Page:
City councilors voted 8-1 Wednesday to send an $814 million capital improvements package to voters.
Improve Our Tulsa 3 would include $295.8 million for streets and transportation; $270.4 million for city facilities; $152.8 million for city capital equipment; and $95 million for housing and neighborhoods.
The vote is scheduled for Aug. 8.
The first Improve Our Tulsa package, for $918.7 million, was approved in 2013, followed by the $639 million Improve Our Tulsa renewal in 2019. Improve Our Tulsa 3, if approved, is expected to begin in late 2025 or early 2026.
The proposed package would not increase the tax rate because the previous Improve Our Tulsa package will be expiring.
Funding for the proposed improvements would come from $384.9 million in bond sales backed by property taxes and a roughly four-year extension of a ninety-five one-hundredths of 1% sales tax.
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The city’s Improve Our Tulsa initiatives have historically been focused on replacing or upgrading existing city infrastructure and facilities. Improve Our Tulsa 3 is no exception.
The proposal calls for spending $79.7 million to renovate the Tulsa Performing Arts Center, $58.5 million for new Fire Department trucks and other apparatus, and $47.5 million for a new public safety center.
Voters will also be asked to approve $10 million in matching funds for the construction of a new Gilcrease Museum and $5 million for a River Parks maintenance building.
Nearly an eighth of the proposal — $93.8 million — would be used to cover inflation-related cost increases on previously approved street projects.
The package also represents a shift in how the city addresses homelessness. Seventy-five million dollars would go toward housing — a first-of-its-kind investment by the city.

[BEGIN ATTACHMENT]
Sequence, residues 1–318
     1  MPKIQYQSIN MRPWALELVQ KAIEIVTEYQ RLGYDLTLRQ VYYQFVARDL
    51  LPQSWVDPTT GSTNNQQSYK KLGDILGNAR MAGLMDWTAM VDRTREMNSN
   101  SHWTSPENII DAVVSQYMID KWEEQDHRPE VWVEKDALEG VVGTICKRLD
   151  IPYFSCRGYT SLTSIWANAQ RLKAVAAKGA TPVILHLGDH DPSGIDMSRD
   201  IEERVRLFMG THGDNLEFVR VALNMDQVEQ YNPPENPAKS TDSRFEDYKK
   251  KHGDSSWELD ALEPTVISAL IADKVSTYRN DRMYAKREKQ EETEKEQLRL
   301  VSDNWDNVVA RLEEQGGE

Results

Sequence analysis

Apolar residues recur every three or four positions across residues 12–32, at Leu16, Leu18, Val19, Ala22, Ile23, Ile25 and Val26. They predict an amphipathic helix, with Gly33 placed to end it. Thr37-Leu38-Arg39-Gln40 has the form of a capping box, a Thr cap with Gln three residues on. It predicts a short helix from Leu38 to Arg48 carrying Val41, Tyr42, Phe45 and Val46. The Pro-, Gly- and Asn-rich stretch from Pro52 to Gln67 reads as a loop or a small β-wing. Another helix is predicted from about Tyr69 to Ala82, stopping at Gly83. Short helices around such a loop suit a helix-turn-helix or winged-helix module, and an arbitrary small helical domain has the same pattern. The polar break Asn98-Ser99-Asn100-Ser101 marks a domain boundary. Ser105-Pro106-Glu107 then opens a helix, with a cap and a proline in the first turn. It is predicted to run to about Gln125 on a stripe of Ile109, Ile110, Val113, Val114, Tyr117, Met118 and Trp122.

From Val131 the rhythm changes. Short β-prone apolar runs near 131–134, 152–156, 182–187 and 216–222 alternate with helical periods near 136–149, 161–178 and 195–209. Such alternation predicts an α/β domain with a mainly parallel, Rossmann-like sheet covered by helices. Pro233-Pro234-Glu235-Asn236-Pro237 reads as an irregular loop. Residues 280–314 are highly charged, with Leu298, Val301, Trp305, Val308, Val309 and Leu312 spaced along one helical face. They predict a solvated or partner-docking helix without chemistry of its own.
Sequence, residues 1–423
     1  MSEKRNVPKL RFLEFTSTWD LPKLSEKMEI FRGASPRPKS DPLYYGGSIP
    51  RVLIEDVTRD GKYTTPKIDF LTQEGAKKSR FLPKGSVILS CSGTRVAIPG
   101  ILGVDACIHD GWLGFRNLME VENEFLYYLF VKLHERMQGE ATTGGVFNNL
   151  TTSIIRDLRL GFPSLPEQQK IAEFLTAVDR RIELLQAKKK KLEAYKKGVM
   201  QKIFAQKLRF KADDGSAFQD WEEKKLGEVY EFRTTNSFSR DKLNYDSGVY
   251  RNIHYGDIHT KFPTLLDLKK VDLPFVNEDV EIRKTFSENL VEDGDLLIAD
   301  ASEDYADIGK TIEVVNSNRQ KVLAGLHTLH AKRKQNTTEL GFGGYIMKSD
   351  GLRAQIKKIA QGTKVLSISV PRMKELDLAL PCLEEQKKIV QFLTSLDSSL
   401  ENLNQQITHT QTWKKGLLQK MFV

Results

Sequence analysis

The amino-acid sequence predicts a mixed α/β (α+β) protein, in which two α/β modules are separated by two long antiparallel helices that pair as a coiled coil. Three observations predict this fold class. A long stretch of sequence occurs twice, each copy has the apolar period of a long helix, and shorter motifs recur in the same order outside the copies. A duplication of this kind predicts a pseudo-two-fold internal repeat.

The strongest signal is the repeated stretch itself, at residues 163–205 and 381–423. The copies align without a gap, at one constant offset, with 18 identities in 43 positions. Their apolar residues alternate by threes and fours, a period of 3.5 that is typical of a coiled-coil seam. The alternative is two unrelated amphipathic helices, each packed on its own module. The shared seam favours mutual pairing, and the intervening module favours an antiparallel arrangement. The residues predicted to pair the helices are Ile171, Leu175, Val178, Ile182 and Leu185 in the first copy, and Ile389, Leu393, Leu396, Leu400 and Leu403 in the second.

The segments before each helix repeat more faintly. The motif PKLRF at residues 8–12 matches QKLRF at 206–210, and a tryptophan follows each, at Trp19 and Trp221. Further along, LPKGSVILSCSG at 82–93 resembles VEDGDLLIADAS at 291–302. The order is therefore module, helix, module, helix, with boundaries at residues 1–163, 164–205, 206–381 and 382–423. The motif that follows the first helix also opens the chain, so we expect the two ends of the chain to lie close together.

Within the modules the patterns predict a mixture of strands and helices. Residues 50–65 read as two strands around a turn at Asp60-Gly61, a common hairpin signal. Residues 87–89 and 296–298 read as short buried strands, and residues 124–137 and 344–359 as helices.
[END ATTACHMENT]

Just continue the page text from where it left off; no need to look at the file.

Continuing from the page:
Coupled with other housing assistance provided by the city in the form of federal funding, development incentives and other resources, a total of $104.2 million would go into the newly established Tulsa Housing Initiative.
Councilor Grant Miller voted against the proposal, saying councilors were provided few details on the plan and had only one month to vet it before rushing to put it on the ballot.
“I think it’s impossible that any one of us could have possibly done proper diligence on an $814 million package, even those councilors who have been here for a while who know some of these problems that are ongoing,” Miller said. “I would say given the short time frame (they) would be hard pressed to go through that kind of spending in that period of time.”
Several councilors pushed back on Miller’s assertion, noting that the process of putting the package together has taken months and involved city department heads, councilors and the public.
Councilor Laura Bellis described Miller’s remarks as irrational and noted that he failed to attend any of the three citywide town hall meetings on the proposal. Miller did hold his own District 5 meetings on the Improve Our Tulsa package.
Councilor Vanessa Hall-Harper praised the city’s efforts to keep residents informed.
“They were highly publicized,” Hall-Harper said of the town hall meetings. “The news was there, social media. So if you wanted to know about this package, you certainly had every opportunity. … I just take issue with saying that this was kind of thrown together.”
City councilors and Mayor G.T. Bynum have been discussing the possible creation of a capital improvements package since at least January, when they toured several city-owned facilities to assess needs.
At that time, officials believed the package would be in the $100 million-plus range. But over time that changed, and each step along the way Bynum held press conferences and briefed councilors in public meetings to explain why.
Speaking after Wednesday night’s meeting, Bynum said he had begun working with councilors on the capital package last year and had presented the latest version of the Improve Our Tulsa 3 proposal on March 22, not April 21, as stated by Miller.
Bynum also took issue with Miller’s assertion that he needed to review contracts related to the projects before casting his vote.
“The city cannot issue contracts on work that has no funding source,” Bynum said.
Bynum said he was grateful for the eight city councilors who took the process seriously and who did the work of oversight and community engagement to make sure they and their constituents were properly informed.
“I am eager for the voters of Tulsa to have this opportunity on Aug. 8 to improve street maintenance, provide first responders with reliable vehicles, properly maintain city facilities, and help get homeless Tulsans off the streets,” Bynum said.